A bit from teachers and school but honestly I learned the most from just going out and trying it.  I still feel like most of the time I don’t know what I am doing but I do know that if I try things I will learn.  

What other instruments do you play?

A bit of drums but that’s it.  For composing I play a lot of things but I fake it till I make and what I can’t fake I will ask a friend! 

I know you are also a composer for film and video. Can you share more
about this with us?

Pretty new to it at the moment.  It is weirdly similar to the role of a bass player in the band.  You are using music to emphasize and lift up the storyline.  Which I feel I do with the bass in a band setting.  Kind of putting my efforts into lifting the song and the other musicians on it.

Everybody loves talking about gear. How do you achieve your “fat” sound?

I just tinker till it’s fat lol.  Right now solid-state amps have been helping me get there a little quicker than tube amps.  That’s why I have been using the Bergantino Forté HP2 –  Otherwise I have to say the cliche because it is true…. It’s in the hands.  

Describe your playing style(s), tone, strengths and/or areas that you’d like
to explore on the bass.

I like to think of myself as a pretty catchy bass player.  I need to ask my bandmates to confirm!  But I think when improvising and writing bass parts I always am trying to sneak little earworms into the music.   I want to explore 5-string more!

Who are your influences?

I can’t not mention James Jamerson.  Where would any of us be if it wasn’t for him?  A lesser-known bassist who had a huge effect on me is Ben Kenney.  He is the second bassist in the band Incubus and his playing on the Crow Left the Murder album completely opened me up to the type of bass playing I aspire towards.  When I first started playing I was really just listening to a lot of virtuosic bassists.  I was loving that but I couldn’t see myself realistically playing like that.  It wasn’t from a place of self-doubt I just deep down knew that wasn’t me.  Ben has no problem shredding but I was struck by how much he would influence the song through smaller movements and reharmonizing underneath the band.  His playing isn’t really in your face but from within the music, he could move mountains.   That’s how I want to play.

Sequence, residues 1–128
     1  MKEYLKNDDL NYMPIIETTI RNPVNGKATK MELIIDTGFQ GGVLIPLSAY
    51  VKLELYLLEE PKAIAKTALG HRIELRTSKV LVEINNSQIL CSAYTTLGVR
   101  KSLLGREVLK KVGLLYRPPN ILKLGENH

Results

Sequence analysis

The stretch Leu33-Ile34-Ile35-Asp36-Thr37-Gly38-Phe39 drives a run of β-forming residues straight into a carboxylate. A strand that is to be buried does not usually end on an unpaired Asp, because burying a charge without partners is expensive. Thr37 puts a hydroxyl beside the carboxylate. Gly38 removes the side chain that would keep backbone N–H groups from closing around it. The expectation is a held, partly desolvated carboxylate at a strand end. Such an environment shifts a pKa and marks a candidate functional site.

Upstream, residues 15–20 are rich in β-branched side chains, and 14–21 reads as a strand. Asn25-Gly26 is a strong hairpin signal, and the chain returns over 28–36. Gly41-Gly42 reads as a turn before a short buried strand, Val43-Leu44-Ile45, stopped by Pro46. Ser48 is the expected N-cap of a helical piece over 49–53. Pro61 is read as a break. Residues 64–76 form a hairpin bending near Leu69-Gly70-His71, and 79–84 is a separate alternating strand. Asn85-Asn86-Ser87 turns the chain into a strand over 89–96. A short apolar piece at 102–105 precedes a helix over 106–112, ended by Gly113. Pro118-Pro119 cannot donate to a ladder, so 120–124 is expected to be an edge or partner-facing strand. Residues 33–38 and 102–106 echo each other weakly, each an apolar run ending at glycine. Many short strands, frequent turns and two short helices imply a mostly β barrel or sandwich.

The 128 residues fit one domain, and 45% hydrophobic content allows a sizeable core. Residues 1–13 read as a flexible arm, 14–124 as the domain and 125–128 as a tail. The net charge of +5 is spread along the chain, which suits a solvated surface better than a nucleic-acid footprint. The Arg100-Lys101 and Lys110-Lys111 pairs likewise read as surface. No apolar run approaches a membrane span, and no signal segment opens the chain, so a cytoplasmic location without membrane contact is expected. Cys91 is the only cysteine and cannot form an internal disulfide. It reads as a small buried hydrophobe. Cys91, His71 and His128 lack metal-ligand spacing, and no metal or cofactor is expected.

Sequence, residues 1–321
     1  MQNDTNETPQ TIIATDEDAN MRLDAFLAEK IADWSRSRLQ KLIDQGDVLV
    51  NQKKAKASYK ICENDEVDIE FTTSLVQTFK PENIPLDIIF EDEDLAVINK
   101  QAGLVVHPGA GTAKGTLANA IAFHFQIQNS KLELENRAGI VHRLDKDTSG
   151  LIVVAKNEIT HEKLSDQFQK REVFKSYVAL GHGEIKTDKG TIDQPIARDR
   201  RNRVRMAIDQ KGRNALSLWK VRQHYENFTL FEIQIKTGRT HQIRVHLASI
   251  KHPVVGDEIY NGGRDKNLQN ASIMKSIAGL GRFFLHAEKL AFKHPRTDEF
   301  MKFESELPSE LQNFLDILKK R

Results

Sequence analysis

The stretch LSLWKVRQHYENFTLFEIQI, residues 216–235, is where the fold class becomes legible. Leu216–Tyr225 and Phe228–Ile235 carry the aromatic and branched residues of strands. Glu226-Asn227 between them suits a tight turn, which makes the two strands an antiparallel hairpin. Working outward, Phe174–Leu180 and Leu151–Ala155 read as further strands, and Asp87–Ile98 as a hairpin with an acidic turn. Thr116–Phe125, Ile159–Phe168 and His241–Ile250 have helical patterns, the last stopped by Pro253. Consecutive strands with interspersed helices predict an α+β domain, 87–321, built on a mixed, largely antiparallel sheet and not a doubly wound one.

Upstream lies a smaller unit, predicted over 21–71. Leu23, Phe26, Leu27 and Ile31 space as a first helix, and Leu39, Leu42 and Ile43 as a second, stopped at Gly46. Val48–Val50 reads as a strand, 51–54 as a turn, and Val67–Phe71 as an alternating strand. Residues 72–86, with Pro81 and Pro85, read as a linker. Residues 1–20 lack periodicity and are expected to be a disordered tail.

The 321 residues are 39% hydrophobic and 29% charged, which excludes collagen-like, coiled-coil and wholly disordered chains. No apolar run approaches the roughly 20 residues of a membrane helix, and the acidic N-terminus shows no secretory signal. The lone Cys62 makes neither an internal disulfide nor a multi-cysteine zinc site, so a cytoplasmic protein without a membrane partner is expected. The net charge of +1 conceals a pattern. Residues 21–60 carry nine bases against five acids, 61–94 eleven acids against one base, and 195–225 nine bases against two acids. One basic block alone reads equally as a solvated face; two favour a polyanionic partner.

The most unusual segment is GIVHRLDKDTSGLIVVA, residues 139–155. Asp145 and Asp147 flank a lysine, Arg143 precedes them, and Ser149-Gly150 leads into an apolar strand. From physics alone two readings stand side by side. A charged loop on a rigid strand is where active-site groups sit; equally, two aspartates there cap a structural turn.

What was the first bass you had? Do you still have it?

A MIM Fender Jazz and I do still have it.  It’s in my studio as we speak.  I rarely use it these days but I would never get rid of it.  

(Every bass player’s favorite part of an interview and a read!) Tell us about
your favorite bass or basses. 🙂

I guess I would need to say that MIM Jazz bass even though I don’t play it much.  I feel connected to that one.  Otherwise, I have been playing lots of great amazing basses through the years.  I have a Serek that I always have with me on the road (shout out Jake).   Also have a 70’s Mustang that 8 times out of 10 times is what I use on recordings.  Otherwise, I am always switching it up.  I find that after a while the road I just cycle basses in and out.  Even if I cycle out a P bass for another P bass.  

What led you to Bergantino Audio Systems?

My friend and former roommate Edison is a monster bassist and he would gig with a cab of yours all the time years ago.  Then when I was shopping for a solid state amp the Bergantino Forté HP2 kept popping up.  Then I saw Justin Meldal Johnsen using it on tour with St. Vincent and I thought alright I’ll give it a try!

Can you share a little bit with us about your experience with the Bergantino
forte HP amplifier? I know you had this out on tour in 2023 and I am pretty
certain the forte HP has been to more countries than I have.

It has been great!   I had been touring with a 70’s SVT which was great but from room to room, it was a little inconsistent.  I really was picky with the type of power that we had on stage.  After a while, I thought maybe it is time to just retire this to the studio.  So I got that Forte because I had heard that it isn’t too far of a leap from a tube amp tone-wise.  Plus I knew our crew would be much happier loading a small solid state amp over against the 60 lbs of SVT.  It has sounded great and has really remained pretty much the same from night to night.  Sometimes I catch myself hitting the bright switch depending on the room and occasionally I will use the drive on it.

You have recently added the new Berg NXT410-C speaker cabinet to your
arsenal. Thoughts so far?

It has sounded great in the studio.  I haven’t gotten a chance to take it on the road with us but I am excited to put it through the paces!

You have been touring like a madman all over the world for the past few
years. Any touring advice for other musicians/bass players? And can I go to Dublin, Ireland with you all??

Exercise!  That’s probably the number one thing I can say.  Exercise is what keeps me sane on the road and helps me regulate the ups and downs of it.  Please come to Dublin! I can put you on the guest list!